JACKSONVILLE, Fla. -- The all-volunteer group working to bring the USS Adams to Jacksonville as a warship museum got a big boost this week when the new Downtown Investment Authority gave it's approval to the project.
"It would be a great naval symbol for the city," says Daniel Bean, one of the people working hard to bring the ship downtown.
Retired Navy captain Daniel Bean of Jacksonville served on the Adams and always wanted to stay in Jacksonville after his Navy career. The volunteer president of the Jacksonville Historic Naval Ship Association (JHNSA) would like nothing better than to go to work downtown and see the old warship docked there.
"It is the lead ship in the Cuban missile crisis and when it gets here and open for business, it will be the youngest warship on display in America and we believe there will be a tremendous attraction for that and we look forward to it," said Bean.
"The neat thing is to have the warship sitting right here in the middle of downtown, and what it represents, as far as being a Navy town, but also from an educational standpoint. It accents the two greatest assets or our city -- the river and the Navy. "
Bean says his group has raised $1.4 million dollars of the $3.4 million dollars needed. He expects the USS Adams to be docked downtown a year from now.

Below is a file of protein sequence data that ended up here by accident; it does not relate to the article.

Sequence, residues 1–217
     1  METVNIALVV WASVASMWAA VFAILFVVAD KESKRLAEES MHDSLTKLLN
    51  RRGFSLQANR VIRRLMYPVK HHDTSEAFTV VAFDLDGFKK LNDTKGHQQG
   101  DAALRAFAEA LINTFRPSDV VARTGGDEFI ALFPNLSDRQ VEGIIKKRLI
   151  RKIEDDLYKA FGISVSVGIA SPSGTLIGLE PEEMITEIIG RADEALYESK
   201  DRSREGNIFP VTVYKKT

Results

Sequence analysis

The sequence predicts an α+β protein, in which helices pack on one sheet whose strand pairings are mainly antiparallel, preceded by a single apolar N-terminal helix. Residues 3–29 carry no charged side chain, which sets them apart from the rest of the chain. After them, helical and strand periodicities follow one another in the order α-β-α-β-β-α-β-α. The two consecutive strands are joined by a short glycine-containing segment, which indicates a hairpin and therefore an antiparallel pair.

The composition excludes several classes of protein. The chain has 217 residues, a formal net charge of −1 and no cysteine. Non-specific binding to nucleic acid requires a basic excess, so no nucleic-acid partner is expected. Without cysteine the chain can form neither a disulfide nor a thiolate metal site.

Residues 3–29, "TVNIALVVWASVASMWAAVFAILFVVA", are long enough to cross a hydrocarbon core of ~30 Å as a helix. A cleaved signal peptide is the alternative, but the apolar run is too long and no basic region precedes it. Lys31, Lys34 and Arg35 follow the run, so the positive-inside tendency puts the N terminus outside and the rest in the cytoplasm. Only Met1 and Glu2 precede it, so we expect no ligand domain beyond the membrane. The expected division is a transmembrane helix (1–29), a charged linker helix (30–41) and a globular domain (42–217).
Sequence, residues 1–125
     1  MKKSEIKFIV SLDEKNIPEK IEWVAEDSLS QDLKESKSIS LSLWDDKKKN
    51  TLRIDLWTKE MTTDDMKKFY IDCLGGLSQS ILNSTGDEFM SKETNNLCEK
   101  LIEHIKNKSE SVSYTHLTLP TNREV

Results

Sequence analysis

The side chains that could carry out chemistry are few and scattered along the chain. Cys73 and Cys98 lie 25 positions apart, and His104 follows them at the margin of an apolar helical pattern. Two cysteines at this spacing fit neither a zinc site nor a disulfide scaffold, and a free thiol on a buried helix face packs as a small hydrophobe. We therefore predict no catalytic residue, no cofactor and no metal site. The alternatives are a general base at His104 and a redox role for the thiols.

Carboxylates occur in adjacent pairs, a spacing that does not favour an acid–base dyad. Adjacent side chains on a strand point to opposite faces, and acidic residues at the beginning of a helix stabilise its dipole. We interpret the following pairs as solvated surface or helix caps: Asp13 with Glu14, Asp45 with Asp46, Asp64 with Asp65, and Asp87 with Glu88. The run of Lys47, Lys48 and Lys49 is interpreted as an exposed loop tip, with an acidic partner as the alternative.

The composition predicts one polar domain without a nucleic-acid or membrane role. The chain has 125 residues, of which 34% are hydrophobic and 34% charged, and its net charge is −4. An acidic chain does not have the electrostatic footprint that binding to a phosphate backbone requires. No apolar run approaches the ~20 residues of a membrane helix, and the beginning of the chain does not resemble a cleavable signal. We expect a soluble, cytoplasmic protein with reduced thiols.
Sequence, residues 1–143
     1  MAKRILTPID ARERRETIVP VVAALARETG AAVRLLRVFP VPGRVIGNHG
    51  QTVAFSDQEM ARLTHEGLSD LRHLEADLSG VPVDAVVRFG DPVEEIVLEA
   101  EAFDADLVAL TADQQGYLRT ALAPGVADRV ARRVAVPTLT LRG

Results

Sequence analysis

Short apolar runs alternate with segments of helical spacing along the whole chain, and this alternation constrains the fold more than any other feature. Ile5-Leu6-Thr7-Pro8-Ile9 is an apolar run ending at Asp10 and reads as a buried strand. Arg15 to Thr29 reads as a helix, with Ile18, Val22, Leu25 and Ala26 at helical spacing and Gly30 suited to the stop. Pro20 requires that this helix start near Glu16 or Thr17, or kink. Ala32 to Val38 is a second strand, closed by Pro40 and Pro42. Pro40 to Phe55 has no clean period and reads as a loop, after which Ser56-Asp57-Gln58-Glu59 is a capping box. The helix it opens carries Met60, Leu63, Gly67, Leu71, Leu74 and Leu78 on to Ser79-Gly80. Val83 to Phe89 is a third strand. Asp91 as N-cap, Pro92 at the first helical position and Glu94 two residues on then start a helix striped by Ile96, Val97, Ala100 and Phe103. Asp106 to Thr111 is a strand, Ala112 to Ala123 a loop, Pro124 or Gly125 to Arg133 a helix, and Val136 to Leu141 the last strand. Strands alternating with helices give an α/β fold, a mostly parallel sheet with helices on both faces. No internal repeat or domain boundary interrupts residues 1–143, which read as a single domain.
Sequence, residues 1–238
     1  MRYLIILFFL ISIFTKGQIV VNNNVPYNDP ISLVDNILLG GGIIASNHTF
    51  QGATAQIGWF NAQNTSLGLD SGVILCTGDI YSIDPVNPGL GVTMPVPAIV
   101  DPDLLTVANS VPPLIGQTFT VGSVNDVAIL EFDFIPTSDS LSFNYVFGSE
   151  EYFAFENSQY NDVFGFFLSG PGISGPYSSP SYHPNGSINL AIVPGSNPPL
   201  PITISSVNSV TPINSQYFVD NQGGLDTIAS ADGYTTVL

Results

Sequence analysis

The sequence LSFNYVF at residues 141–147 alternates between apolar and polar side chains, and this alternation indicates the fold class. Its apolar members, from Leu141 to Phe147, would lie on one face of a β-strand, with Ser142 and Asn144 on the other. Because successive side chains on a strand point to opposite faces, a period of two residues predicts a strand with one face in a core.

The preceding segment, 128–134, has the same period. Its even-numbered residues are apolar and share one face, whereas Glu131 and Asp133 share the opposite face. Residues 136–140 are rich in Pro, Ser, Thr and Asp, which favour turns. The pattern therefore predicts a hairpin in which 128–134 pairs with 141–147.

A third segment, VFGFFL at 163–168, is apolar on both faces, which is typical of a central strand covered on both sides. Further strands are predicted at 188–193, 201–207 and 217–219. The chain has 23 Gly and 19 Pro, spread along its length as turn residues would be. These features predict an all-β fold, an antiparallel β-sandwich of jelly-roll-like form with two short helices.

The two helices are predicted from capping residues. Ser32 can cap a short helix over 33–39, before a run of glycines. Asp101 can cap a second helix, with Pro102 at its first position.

Retired sailor Pat Stroud served on four Adams class guided missile destroyers at Pearl Harbor. He volunteers 40 hours a week at the USS Adams Museum and store at the Landing, helping raise money to fulfill his wish to bring the ship here.
"It would bring meaning to what I did during those thirty years in the Navy and depart on people some education on American history and patriotism."
Bean says the floating museum could attract more than 40,000 out-of-town visitors to Jacksonville and boost area tourism. He thinks it could triple the number of military reunions that could come to Jacksonville.
Crowne Plaza hotel manager Shawn Frisbee says his downtown hotel hosts 40 to 60 military reunions a year and the USS ADAMS docked downtown would increase that number.
"I think that would continue to drive more business because having a maritime museum in your downtown area is really going to enhance the community similar to the battleship North Carolina in Wilmington," said Frisbee. "We look forward to it coming downtown."
The ADAMS is one of 23 ships built in the ADAMS class, but the only one of those that remain afloat. It is currently in Philadelphia at the inactive ship facility but plans are to repaint it and refurbish it with items removed from the ship and make it look like it did when it was in service, and include some interactive exhibits.
The ADAMS was docked at NAS Mayport from 1970 to 1990.
If anyone wants to help, they can go HERE for information, as well as attend meetings of the JHNSA.
First Coast News